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San Diego Humane Society

Carrier Training Cats

Carrier training for any animal is very important, even if the skills are only needed on occasion. Traditionally, cats can be quite scared of a carrier due to bad experiences they may have had riding to the vet, being pushed in, getting shots, etc. Teaching your cat that carriers are a safe place is especially useful when going to the vet, traveling, in case of a natural disaster, car rides, etc. Below are step-by-step instructions on how to introduce a carrier successfully to your cat or kitten. 

Step 1: Introductions

Put the carrier down to introduce your cat to it. It may be best to do it near where they eat. Leave it open (tie the door open or remove the door completely) and let your cat check it out at their leisure.

Tip: You can drop some treats in there to make the carrier extra exciting!

Step 2: Associating the carrier with food

Lure your cat to the carrier before dinnertime using wet food or treats. Once cat is regularly eating from the food near the carrier, you can start moving it closer and closer each day or for each meal.

Tips: If you don’t meal feed your cat, we’d recommend changing your cat to feedings twice a day (morning and evening) or as your vet recommends. This will ensure your cat is hungry when you’re working with her.

  • Use wet food before dinnertime to lure your cat toward the carrier. Move the food as far away as needed so that she’ll eat. Some cats are more shy than others. Gradually move it closer. As long as she’s eating the treat, you can move it a bit closer. Do this in small, gradual steps.
  • You may need to create a trail (“Hansel and Gretel”) of treats that end at the carrier.
  • Try mixing in a tasty treat if wet food alone doesn’t work, like tuna, boiled chicken or all meat baby food.

Step 3: Feed inside the carrier

When your cat is comfortable walking up to the carrier, you can move the food into the carrier for her to eat. Go very slowly and make sure that the door is latched open or not on the carrier so it doesn’t scare her.

Tips:

  • You may have to start with just front paws in the carrier, then gradually have her all the way in the carrier.
  • If you have a “top loading carrier” or one with a door in the front and on top, you can open the top of the carrier too at first to be less confining.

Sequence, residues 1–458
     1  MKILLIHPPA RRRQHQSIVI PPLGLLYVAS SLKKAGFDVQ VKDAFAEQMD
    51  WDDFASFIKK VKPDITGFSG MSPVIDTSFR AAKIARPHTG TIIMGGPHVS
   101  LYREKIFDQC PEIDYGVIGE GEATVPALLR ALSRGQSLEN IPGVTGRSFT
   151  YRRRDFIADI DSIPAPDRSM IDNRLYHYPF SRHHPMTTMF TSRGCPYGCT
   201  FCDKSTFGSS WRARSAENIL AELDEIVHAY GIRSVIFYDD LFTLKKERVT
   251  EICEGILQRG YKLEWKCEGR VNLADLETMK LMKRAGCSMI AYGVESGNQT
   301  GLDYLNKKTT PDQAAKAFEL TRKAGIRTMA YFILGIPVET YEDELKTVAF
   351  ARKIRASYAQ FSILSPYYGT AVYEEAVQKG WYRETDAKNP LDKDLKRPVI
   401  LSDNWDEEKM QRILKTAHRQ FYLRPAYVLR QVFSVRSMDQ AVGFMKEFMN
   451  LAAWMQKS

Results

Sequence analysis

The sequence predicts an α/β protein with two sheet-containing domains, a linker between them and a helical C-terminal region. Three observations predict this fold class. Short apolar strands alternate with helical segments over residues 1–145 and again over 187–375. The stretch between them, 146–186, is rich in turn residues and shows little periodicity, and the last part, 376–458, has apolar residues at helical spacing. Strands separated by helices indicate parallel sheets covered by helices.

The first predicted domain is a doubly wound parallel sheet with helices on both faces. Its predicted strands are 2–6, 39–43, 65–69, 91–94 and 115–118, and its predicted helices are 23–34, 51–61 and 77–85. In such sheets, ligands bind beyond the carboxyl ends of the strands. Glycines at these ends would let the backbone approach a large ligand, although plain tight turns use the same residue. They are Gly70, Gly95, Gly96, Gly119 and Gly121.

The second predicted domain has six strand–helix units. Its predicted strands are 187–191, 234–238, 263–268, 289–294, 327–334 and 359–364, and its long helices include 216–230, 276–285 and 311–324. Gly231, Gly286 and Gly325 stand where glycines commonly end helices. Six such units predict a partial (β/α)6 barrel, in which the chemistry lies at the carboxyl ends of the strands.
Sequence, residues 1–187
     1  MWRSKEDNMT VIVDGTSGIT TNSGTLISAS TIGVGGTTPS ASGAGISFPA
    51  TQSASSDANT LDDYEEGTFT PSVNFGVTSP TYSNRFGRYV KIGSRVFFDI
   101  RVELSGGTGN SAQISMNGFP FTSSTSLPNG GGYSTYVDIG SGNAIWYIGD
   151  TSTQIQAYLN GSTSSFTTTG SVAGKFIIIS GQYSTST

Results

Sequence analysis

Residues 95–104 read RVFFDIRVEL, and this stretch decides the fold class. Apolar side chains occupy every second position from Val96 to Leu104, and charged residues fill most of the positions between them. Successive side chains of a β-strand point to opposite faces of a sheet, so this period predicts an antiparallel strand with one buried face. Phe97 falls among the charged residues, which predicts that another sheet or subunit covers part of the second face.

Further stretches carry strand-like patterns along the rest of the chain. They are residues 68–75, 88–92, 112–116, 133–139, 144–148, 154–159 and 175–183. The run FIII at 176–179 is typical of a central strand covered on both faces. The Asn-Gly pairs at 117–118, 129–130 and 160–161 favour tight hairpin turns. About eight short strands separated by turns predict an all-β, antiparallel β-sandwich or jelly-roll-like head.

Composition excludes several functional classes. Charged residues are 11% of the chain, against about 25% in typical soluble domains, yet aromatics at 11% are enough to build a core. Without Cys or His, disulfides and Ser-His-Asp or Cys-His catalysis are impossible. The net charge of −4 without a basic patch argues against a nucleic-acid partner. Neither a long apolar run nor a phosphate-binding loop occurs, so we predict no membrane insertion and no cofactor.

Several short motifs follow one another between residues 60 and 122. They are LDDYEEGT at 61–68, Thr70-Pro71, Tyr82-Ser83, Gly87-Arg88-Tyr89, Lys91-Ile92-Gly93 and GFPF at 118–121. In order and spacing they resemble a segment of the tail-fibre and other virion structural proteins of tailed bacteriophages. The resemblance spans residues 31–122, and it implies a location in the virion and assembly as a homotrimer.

Step 4: Introduce play! 

Try play! Play with kitty in the carrier, around the carrier and on the carrier to make it an even more fun space.

Step 5: Introducing door movement

Continue feeding dinner in the carrier and begin to close the door.

Tip: If she looks anxious, be sure to open the door immediately and go back a few steps to just having her eat near the carrier or just barely inside the carrier.

Step 6: Closing the door

Close the door and lift the carrier. Within a few seconds, put it down and open the door again.

Gradually increase the time the cat is being carried in the carrier.

Step 7: Towels and introduction to movement

Cover the carrier with a towel and take it to the car with cat inside. Sit in car and feed cat very high value treats before bringing her back inside and opening the carrier door.

Step 8: Introduction to travel

Take covered carrier and cat for a short car ride! Make sure cat has treats and/or a kitty Kong in there. Bring back inside and open carrier door.

Step 9: Trained and ready for next steps

You should be ready for vet visits, to go to a class or in case of emergency!

Tips: 

  • Be sure to continue associating travel with rewards and good things happening. This is especially important if part of the trip will be stressful.
  • Keep special high-value "carrier only" treats on hand. If appropriate, keep them stored in the carrier so they're always where you need them. 

More Tips:

  • Make sure cat stays relaxed through this process.
  • Always cover the carrier when you’re out of the house.
  • Keep practicing going in and out of the carrier and going for short car rides once in a while so your cat doesn’t associate the carrier with vet all the time!
  • Below is a video on kitten training; for adult cats who may have more poor experiences with carriers, check out this video of shaping getting into a carrier.
  • Looking for more cat training help? Check out our live online Cat Training classes; follow the link for more information about our classes below. 

Behavior Helpline: Contact our Behavior Team

For behavior questions, please contact our Behavior Helpline either by calling 619-299-7012, ext. 2244, emailing behavior@sdhumane.org or filling out our Ask a Trainer form. San Diego Humane Society Adopters can fill out the Post Adoption Consultation form to schedule their troubleshooting session. We aim to respond within 7 days, but responses may take up to 2 weeks. Thank you for your patience!

Note: Due to the potential for serious injury, canine and feline aggression are best handled by a professional who specializes in aggressive behaviors. Because phone or email counseling is inadequate for addressing serious behavior concerns, we ask that you contact a qualified professional for help. Please refer to the list of behavior resources here.

Questions About Public Classes

San Diego Humane Society offers training classes and resources to address a variety of needs for companion animals.

Our training philosophy is based on the behavioral science concepts of positive reinforcement. Training your pet using these concepts will not only help them learn new behaviors more quickly, it will also strengthen the bond you share.

Our website includes a current schedule of training classes or call 619-279-5961. 

View Training Classes   Gift a Training Class

 

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